Whether a business provides physical goods, services or a mixture of the two it will inevitably carry some types of inventory. These usually represent a major investment by a business and therefore understanding the different types and how to recognise is important.
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What is inventory?
Inventory refers to the stocks and supplies of materials and consumables that are directly linked to the provision of goods and services by a business. A clear distinction must be drawn between operations consumables and inventory consumables. Materials such as office stationery while used in the day to day running of the business do not qualify as inventory because they are not directly linked to the provision of goods or services. This line can be blurred in a service business but is very easy to draw in a business that deals in goods.
Raw materials are the first inventory type we can distinctly identify. These are more common in a manufacturing concern because businesses of this nature take materials and value add to them to produce a finished product ready for sale. The composition of raw material inventory varies greatly in complexity with the type of manufacturing business. It is easy to understand how raw materials are very important to a business, they make the products. There’s a little.more to it than that. There is a constant consideration of the level of raw materials to keep. There costs associated with keeping raw materials both for warehousing space and management. Some businesses also have to consider the perishable nature of some raw materials and plan around that while providing suitable storage facilities such as cold storage.
Work-in-progress (WIP) inventory
Work in progress or process is the most complicated inventory type. This complexity as a result of the variety of complex processes involved in manufacturing. Let’s consider two examples to understand how complex this type of inventory can get. A business that manufactures assembles cars considers any incomplete cars to be work in progress. This is a very simple example of work in progress. Up until it is complete any unit counts towards work in progress. Now let’s consider a winemaker which has a more complicated process that involves multiple steps until the wine is matured and ready for sale. With the crushed grapes, then extracted juice and brewed wine in casks for fermenting all considered different levels of Work in process. Valuation is such circumstances is a little more complex because it is not easy to discern a value for each stage of the process. Grape juice is certainly not as valuable as brewed wine which is not as valuable as bottled wine.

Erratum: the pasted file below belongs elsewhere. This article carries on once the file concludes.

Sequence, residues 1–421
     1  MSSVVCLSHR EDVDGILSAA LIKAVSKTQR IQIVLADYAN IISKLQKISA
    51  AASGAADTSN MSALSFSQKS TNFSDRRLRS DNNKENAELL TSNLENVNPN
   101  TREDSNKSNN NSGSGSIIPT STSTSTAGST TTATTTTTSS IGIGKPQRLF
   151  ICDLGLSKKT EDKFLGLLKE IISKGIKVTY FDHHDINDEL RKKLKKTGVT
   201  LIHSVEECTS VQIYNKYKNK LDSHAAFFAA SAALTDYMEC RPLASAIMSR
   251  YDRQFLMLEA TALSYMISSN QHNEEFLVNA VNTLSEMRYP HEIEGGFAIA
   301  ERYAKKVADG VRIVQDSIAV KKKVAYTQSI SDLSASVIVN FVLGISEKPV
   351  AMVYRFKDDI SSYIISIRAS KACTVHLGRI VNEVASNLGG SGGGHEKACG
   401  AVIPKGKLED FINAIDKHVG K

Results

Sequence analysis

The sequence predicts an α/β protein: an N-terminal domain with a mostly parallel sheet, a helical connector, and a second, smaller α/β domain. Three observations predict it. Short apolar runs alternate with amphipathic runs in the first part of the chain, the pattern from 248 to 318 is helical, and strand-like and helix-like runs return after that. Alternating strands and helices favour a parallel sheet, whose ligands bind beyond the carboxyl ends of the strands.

Finished goods are quite simply inventory that has been completed and is sometimes ready for sale. It’s not always that simple and a little nuance exists depending on the type of business. We have to look at some of the types of finished goods inventory that exist in a business to make better sense of this nuance.
Factory firsts is a term used in manufacturing concerns to denote inventory that is up to quality control standards for sale to customers. This represents a type of inventory that can be sold to clients at full price and thus valued at full cost.
These are finished goods that do not meet the standard that goods need to be for sale from a quality management perspective. As such these are usually sold off at a discounted price, for this reason they obviously cannot be valued at the same value finished goods that meet quality standards. This type of inventory is generally sold off at a lower value but is still worth enough to at least recover costs and maybe make a little profit on top. These goods cannot be valued at full cost and must be valued at the lower of cost or net reliable value, the amount that will be received for them when sold.
Whether a manufacturer or a retailer it is possible to have finished goods inventory that is broken or otherwise damaged. This can be distinguished from factory seconds because breakages are usually not suitable for the intended product use. These are generally sold off at deep discounts for scrap. These goods must be valued at the lower of their production cost or the net reliable value, in this case their scrap value
Maintenance, repair & operations (MRO) goods
There is also a type of inventory referred to as maintenance, repair and operations goods. These are materials that are not directly used in the products at all but are rather used in the maintenance of the machinery involved in product provision. This includes both consumables and spare parts that have to be used regularly. They do not make up any part of product cost but they are classed as a type of inventory because the movement of inventory in the business is their most accurate cost driver. The more products you manufacture the more you make use of conveyor belts for example. Repairs and maintenance on conveyor belts are directly linked to the degree of wear and tear which is influenced by the rate of product movement.
An easily forgotten type of inventory are packaging materials. They are of course not directly involved in the product but are very important to the selling of the product plastic wrapping represents a low value form of packaging but there are cases where packaging materials can be very high value. Pressurised cylinders such as those used in liquid petroleum gas (LPG) are a very good example of high value packaging materials. Packaging material is a type of inventory that may be critical to the manufacturing process and must always be invested in. A process manufacturer that runs out of packaging.materials would have to stop production and this may lead to having to dispose of work in process if it cannot be maintained for long periods in a usable form.
The various inventory types are all important to a business and their reliable measurement has implications for business success and profitability.